The convenience store is both a staple of modern living and an allegory for the way urban life impacts the environment. By definition, these shops and the items they sell are designed to make our lives easier. Many of us in urban areas can buy drinks, snacks or other necessities at any hour of the day or night within a short walk.
While the advantages are obvious, the ease these shops provide also means that we may be less mindful of the origin and impact of each item. We don’t always know how each item we purchase arrived there in the first place: how it was made, where it came from, where the packaging goes when we are done with its contents or how the city we live in manages what we discard.
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These are the kinds of questions asked by the Circularity Assessment Protocol (CAP), a process developed by Dr. Jenna Jambeck and her team at the University of Georgia (UGA)’s Circularity Informatics Lab and which Ocean Conservancy is implementing with partners in cities around the world. The CAP is a series of assessments that provides an overview of the trash and plastic waste in each city. It explores questions about consumer habits, packaging materials, availability of plastic alternatives and what becomes litter or trash and why. This data can then be shared with local, regional or national decisionmakers to help find ways to reduce plastic pollution.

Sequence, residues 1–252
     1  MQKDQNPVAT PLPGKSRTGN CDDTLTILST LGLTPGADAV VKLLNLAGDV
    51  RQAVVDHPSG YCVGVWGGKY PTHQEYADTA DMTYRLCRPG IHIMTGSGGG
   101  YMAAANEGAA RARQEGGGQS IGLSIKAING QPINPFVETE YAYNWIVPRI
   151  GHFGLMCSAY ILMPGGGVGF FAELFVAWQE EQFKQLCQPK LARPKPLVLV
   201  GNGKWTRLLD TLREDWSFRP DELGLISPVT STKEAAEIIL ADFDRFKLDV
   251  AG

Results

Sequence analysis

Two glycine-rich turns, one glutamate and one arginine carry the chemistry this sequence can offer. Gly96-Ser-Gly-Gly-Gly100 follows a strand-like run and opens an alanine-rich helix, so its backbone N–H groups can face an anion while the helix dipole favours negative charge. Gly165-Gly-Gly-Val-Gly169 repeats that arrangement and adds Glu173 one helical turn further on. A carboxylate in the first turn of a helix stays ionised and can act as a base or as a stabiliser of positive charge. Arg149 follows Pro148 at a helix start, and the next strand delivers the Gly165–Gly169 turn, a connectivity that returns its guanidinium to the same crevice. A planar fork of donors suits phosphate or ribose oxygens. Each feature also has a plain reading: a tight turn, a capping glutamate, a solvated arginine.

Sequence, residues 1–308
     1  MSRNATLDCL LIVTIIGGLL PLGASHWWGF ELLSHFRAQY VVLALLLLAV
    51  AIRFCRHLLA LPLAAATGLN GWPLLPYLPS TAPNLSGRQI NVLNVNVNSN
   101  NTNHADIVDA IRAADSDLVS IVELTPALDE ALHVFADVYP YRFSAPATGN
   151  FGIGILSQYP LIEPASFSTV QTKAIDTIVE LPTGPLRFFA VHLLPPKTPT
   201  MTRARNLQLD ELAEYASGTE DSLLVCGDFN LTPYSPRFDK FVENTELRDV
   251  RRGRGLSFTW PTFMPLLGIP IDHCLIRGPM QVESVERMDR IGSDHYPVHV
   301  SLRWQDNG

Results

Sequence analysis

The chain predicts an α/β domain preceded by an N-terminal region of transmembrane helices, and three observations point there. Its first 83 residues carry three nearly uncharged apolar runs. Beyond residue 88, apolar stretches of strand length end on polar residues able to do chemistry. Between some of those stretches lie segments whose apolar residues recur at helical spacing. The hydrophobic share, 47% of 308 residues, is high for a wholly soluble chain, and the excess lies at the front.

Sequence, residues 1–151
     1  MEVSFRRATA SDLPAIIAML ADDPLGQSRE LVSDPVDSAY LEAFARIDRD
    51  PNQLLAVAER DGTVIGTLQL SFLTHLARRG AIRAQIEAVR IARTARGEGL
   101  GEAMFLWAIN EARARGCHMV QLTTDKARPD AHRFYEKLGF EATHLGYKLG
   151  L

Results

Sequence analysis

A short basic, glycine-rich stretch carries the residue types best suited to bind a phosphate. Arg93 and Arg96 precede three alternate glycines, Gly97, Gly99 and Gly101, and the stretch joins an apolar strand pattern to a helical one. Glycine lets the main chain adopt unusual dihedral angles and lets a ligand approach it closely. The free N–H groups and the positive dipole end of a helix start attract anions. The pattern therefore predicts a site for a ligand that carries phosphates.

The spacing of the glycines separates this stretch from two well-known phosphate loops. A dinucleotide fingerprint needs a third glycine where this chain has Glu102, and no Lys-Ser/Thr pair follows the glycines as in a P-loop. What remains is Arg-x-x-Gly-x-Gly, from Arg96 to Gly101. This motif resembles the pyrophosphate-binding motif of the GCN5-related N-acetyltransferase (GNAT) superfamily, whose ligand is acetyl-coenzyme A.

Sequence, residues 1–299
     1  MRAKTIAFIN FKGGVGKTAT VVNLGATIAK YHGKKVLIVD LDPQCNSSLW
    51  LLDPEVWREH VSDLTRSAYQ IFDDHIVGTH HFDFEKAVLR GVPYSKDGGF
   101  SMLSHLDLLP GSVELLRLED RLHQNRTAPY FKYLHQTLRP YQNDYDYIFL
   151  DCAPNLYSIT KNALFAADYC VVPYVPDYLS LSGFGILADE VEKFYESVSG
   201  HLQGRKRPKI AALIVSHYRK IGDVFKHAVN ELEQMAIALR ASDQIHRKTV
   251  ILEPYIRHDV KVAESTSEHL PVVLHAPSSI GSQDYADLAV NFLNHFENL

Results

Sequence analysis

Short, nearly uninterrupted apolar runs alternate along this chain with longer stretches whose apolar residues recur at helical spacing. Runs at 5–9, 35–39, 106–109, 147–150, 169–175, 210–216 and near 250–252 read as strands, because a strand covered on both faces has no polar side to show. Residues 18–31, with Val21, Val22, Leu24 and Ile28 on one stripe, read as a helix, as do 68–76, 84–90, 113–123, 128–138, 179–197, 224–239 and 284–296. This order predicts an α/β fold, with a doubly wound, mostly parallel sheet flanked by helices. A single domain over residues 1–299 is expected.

Between February and March 2021, a team from the Center for Marinelife Conservation and Community Development (MCD), with guidance from the Circularity Informatics Lab and support from Ocean Conservancy and municipal leaders, conducted fieldwork in the cities of Hanoi and Nam Dinh in Vietnam. This included product and packaging assessments in stores across each city, interviews with government, industry and non-profit organizations, cost analysis of reusable products and alternatives to plastic available in the city, and audits of recycling contamination.
Some of the findings in Nam Dinh and Hanoi include:
- All top convenience store items are in non-recyclable plastic packaging. More than 90% of these products were manufactured in Vietnam. This provides an opportunity to locally design and manufacture alternatives.
- Packaging made of natural materials is limited and expensive. These alternatives aren’t accessible or well-known but local investment could help build a market for them.
- Plastic food packaging was the most common type of litter collected. Tobacco products and plastic fragments were also some of the most common items found.
- In both cities, there is a need to increase the number of waste collection bins available to the public. In many areas, there aren’t enough bins to support the volume of waste created, which leads to excess waste spilling over into the environment.
- Interviews with local residents, business owners and government officials revealed a desire for tackling plastic pollution. There was interest in both private and public sector solutions.
Understanding the strengths, weaknesses and differences among waste management practices in these cities is just the first step. Learn more about the Vietnam Circularity Assessments in Hanoi and Nam Dinh. Next, with the support of Ocean Conservancy, stakeholders in Hanoi and Nam Dinh will use the findings from the CAP to develop plans to improve how they manage plastics and waste.